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Wei Zhao: Creating the Next Generation of Scientists

Wei Zhao is a world-renowned computer scientist and educator. Just a glance at his professional career and one understands why he was named dean of Rensselaer’s School of Science. But engage Zhao in conversation and you quickly understand that he brings a unique background and focused vision that extends far beyond that of a traditional administrator.

Zhao was raised in Xi’an, P.R. China, during the country’s Cultural Revolution, a period when the educational system came to a complete halt. Despite very limited opportunities for formal education in his homeland, Zhao arrived in the United States and earned his master’s and Ph.D. degrees from the University of Massachusetts at Amherst. Now, 25 years later, he is considered a pioneer in the computing field and is internationally recognized for his research and innovations in distributed computing, real-time systems, and cyber camouflaging technologies. His educational struggle, coupled with his extensive experience in higher education, has instilled in him an unwavering dedication to education and research.

Zhao understands the challenges facing today’s science schools. “For many years science schools have downgraded themselves to a service mode. We are teaching calculus to engineers and IT to business students. Service is a good thing to do, but it cannot be our main mission.” Zhao believes that for the School of Science to stand alone, it must have clear goals and a vision for the future of its graduating scientists.

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Wei Zhao, dean of the School of Science. (Photo by Mark McCarty)
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Zhao stresses the ever-increasing importance of science education, especially in critical fields such as information technology, nanotechnology, biology, and energy and the environment. “The scientific framework is needed to spur technical innovation in these fields,” he states.

His ambition is to see nearly all undergraduate science students pursue and obtain higher degrees from top universities. “I believe that the time has come that you need more than a four-year degree to be a successful scientist, especially if you want to be a leader. Our goal is to make sure that our bachelor’s students are able to continue a successful learning path for life, including post-graduate education.”

Zhao’s aspiration for these students is employment at top-level universities and research institutions, leading the way in research advancements and teaching. “A university’s reputation is built by its graduating students. If our alumni are in the top 10, then we will be top 10.”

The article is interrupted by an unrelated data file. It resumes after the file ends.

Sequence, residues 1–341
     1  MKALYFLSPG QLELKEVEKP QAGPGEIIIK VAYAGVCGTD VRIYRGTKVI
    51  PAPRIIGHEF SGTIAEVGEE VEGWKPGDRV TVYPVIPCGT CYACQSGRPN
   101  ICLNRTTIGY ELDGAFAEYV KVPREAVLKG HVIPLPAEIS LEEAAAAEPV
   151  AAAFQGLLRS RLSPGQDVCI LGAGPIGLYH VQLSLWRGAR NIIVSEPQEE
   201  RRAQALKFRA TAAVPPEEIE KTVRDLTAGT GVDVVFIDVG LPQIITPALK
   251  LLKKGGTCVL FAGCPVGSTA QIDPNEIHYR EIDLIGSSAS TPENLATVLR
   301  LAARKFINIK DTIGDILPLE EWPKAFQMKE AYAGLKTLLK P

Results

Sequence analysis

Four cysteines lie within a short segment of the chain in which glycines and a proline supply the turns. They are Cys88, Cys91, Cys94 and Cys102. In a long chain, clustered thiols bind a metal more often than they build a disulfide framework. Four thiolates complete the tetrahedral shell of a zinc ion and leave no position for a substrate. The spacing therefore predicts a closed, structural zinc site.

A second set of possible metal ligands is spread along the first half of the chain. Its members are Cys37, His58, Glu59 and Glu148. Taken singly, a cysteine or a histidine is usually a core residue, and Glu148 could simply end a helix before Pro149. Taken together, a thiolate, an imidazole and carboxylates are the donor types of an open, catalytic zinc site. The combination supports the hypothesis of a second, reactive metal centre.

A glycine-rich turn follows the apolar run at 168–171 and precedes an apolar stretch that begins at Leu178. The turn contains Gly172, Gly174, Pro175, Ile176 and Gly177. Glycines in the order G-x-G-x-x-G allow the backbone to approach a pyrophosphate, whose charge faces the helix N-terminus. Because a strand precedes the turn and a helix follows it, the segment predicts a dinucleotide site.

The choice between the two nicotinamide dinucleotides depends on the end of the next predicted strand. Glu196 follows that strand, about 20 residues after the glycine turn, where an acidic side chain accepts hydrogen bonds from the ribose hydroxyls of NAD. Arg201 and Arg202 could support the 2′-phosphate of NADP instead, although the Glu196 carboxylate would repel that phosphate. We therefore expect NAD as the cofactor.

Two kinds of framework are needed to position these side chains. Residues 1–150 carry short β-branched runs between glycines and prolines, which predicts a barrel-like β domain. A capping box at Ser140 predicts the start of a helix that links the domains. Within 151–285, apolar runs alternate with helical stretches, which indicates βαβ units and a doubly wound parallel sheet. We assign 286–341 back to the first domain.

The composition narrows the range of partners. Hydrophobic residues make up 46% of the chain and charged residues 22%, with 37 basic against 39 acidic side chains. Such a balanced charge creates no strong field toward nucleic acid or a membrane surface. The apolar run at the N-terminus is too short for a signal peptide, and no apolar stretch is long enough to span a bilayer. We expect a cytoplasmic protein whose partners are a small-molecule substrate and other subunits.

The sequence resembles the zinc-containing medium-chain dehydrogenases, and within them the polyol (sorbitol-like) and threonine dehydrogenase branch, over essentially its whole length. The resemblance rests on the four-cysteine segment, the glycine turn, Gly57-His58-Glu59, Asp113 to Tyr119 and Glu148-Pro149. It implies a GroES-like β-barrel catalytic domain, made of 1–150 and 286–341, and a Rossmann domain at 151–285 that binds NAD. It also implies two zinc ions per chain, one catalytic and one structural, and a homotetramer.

He also believes that a way to increase research success is by instilling students with a sense of entrepreneurship. “Research has evolved to include a high level of entrepreneurship,” Zhao says. “It is a group of people and a team effort. Just the research results are not enough today. You need to deliver, promote, and market your research product. This entire process of research management needs to be embedded in our graduate and undergraduate education.”

Zhao has advocated his philosophy on education and research throughout his career. Prior to joining Rensselaer, he served as department head of computer science and senior associate vice president for research at Texas A&M University, and as director of the Division of Computer and Network Systems at the National Science Foundation.

“Rensselaer is making tremendous strides,” Zhao concludes. “We want the School of Science positioned to make this move with the rest of the Institute. To do this, I want to lead, not push, all our graduating students to find success and reward in their lives and careers beyond Rensselaer. Their success will also be ours.”

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Rensselaer (ISSN 0898-1442) is published in Spring, Summer, Fall, and Winter by the Office of Strategic Communications and External Relations, Rensselaer Polytechnic Institute, Troy, NY 12180-3590. Opinions expressed in these pages do not necessarily reflect the views of the editors or the policies of the Institute. ©2007 Rensselaer Polytechnic Institute.